The number of people working jobs that paid the federal minimum wage dropped last year, according to new labor statistics published Wednesday (Feb. 27).
An estimated 3.6 million people were paid hourly rates at or below the federal minimum in 2012, down from 3.8 million a year earlier.
Just under 60 percent of all U.S. workers are paid hourly, according to the U.S. Bureau of Labor Statistics. An estimated 4.7 percent of those hourly workers make minimum wage or less, down from 5.2 percent, a year earlier. That share is the lowest since 2008.
Combine the name Jenell Ross with the Mercedes-Benz label and Ross' ethnicity and you have an unfolding African-American history story.
The American International Automobile Dealers Association recently announced that Ross – a Centerville, Ohio, dealer – is its 2013 chairwoman. She took over the position during AIADA's 43rd Annual Meeting and Luncheon earlier this month in Orlando, Fla.
Ross is the president of Bob Ross Automotive, which operates Buick, GMC, Fiat, and Mercedes-Benz franchises in the Dayton, Ohio, area. She inherited the role from her father and mother, who founded the dealership group in 1974. Mercedes-Benz of Centerville was the first Mercedes-Benz dealership to be owned by an African American and is currently the only one owned by an African-American woman.
The Entrepreneurship Expo hosted by the University of Memphis' Center for Entrepreneurship and Innovation was the place to be for those with an incubating idea.
The session Tuesday at the FedEx Institute of Technology drew 300-plus attendees. Throughout the day there was a steady flow of entrepreneur-minded individuals, including a mix of successful startups, emerging businesses, inventions ready to be patented, and some undeveloped business ideas and concepts. The Entrepreneur Village featured 23 of the Center for Entrepreneurship and Innovation's (CEI) start-up clients.
Project manager Kelly Penwell came to Memphis in 2011 to manage the division. She hit the ground running and has assisted over 200 clients with their start-up efforts. Thirty-two businesses have been launched since CEI's opening in September 2011.
NEW YORK – A handful of colleges think they've found the secret to closing the gap between the types of graduates they're turning out and the types of workers employers are looking for: spiders.
Not the hairy, creepy kind, but rather artificial-intelligence spiders that crawl through search engines and read thousands of online "help wanted" ads to check on the job market in real time – instead of two years after the fact, which is how long the federal government can take to report on labor trends.
The technology is helping colleges and universities quickly add and update academic programs so their graduates can land real-world jobs. And, at the same time, eliminate programs that leave students in debt with skills employers don't want.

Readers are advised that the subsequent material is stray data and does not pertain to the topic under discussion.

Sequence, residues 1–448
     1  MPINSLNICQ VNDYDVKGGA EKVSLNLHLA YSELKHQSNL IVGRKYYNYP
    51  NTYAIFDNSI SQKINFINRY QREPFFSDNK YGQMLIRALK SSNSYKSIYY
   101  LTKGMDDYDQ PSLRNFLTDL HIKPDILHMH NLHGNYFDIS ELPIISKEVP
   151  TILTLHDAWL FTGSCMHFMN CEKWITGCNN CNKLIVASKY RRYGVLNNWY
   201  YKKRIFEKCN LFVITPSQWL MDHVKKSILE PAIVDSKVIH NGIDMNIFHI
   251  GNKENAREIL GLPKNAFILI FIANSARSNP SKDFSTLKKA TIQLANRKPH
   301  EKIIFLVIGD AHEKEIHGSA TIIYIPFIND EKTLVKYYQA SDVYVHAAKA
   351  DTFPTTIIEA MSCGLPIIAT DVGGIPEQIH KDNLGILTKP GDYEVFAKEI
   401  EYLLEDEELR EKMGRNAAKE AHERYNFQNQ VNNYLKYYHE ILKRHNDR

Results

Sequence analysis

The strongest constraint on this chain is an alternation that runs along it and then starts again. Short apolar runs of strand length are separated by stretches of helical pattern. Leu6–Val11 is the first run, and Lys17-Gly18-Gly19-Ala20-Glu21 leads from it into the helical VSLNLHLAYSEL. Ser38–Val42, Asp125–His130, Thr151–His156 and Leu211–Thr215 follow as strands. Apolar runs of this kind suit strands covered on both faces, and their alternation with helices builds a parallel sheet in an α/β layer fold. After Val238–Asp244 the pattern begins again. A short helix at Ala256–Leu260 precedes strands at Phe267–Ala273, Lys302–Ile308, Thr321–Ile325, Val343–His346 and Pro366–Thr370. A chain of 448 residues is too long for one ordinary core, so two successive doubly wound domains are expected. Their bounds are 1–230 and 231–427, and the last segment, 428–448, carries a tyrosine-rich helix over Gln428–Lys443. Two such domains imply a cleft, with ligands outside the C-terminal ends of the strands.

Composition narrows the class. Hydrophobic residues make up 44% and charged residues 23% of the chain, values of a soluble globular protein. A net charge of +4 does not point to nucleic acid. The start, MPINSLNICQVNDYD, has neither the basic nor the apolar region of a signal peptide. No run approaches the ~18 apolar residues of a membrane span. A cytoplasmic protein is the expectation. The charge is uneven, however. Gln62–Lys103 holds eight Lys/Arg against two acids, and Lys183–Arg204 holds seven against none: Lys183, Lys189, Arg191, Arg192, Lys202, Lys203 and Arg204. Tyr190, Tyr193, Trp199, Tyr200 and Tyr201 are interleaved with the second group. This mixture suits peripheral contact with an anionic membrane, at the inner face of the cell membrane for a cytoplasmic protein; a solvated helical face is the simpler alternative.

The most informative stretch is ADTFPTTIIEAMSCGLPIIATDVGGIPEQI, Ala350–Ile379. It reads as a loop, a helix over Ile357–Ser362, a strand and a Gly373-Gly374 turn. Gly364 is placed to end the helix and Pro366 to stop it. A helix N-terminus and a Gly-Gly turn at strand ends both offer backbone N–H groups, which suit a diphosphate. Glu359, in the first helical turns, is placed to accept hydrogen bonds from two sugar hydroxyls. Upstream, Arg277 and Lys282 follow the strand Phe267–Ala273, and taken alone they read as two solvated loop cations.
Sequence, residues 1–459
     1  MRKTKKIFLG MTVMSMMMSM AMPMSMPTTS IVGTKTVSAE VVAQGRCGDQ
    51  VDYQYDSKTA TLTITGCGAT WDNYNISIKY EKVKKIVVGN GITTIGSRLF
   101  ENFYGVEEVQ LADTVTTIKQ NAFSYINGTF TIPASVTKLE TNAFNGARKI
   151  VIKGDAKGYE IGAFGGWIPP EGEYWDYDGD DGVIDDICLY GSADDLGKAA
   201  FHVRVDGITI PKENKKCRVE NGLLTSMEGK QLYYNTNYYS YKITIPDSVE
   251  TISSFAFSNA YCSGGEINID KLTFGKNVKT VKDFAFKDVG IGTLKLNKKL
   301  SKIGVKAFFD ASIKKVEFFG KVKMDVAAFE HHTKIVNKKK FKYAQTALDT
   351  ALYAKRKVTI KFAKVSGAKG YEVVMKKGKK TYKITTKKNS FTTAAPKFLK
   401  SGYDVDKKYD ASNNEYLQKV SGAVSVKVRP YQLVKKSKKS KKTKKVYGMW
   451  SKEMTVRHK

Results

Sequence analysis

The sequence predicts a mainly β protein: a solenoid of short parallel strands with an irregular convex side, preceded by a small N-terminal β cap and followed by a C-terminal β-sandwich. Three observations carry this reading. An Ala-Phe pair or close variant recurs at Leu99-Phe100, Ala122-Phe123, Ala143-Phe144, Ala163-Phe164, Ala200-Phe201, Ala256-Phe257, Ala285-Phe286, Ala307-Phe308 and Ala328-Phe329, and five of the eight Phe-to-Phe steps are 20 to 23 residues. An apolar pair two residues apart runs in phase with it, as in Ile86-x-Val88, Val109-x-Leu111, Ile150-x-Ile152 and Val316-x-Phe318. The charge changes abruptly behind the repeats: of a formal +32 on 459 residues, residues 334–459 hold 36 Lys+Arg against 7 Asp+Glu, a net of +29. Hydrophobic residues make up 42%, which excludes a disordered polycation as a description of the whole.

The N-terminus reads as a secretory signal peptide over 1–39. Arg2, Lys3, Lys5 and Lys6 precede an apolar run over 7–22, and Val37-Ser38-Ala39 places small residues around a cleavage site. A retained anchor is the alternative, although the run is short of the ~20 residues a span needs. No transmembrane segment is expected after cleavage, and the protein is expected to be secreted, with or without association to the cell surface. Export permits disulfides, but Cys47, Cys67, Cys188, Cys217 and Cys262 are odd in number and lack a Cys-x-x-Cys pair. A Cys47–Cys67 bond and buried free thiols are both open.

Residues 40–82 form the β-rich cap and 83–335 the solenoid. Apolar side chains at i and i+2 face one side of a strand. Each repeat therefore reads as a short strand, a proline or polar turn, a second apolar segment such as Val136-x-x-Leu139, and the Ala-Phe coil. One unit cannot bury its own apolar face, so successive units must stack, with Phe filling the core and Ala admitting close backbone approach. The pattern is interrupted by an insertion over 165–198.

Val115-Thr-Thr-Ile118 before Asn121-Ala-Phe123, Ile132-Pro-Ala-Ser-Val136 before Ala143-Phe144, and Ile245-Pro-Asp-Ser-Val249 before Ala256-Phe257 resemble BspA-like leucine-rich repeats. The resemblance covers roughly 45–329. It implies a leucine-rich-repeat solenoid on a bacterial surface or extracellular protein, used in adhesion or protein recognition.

What's the key to becoming a millionaire for an African-American? That's the basic question posed by Dr. Dennis Kimbro to a thousand of the most affluent blacks in the United States in a study conducted over the last seven years. The results are reflect in 'The Wealth Choice Success Secrets of Black Millionaires.'
Among the icons graciously participating in the survey were entertainment industry tycoon Tyler Perry, Godfather's Pizza CEO-turned-presidential hopeful Herman "9-9-9" Cain, FUBU fashion line creator/Shark Tank co-host Daymond John, BET founder Bob Johnson, Renaissance man Steve Harvey, televangelist Bishop T.D. Jakes, TV-One CEO Cathy Hughes, film director Spike Lee, motivational speaker Les Brown, mutual fund manager John Rogers and entrepreneur Farrah Gray, who became a self-made millionaire by the age of fourteen.
The look of a sharp-dressed gentleman means he is about business. Couple that polished appearance with knowledge, opportunity and execution and you have success.
Reginald French, Stephon Coleman and Thomas Nolan – local businessmen and fraternity brothers – consistently present that dressed-to-impress look.
French is a technology firm owner, recipient of the 2012 Kappa Man of the Year award, and a philanthropist who has worked diligently with Kappa Alpha Psi and St. Jude on Sunday of Hope. Coleman is an executive with FedEx. Nolan is an artist, firefighter, and most notably a culinary artist.
Despite all the talk of urban revitalization, suburbs still have a denser concentration of rich people than cities.
In America's suburbs, just over 6 percent of the households have incomes that put them in the top sliver of American earners, according to a study released Monday by the U.S. Census Bureau. In city centers, less than 5 percent of households made the cut.
Not surprisingly, the study found that rich people tend to live near major population centers.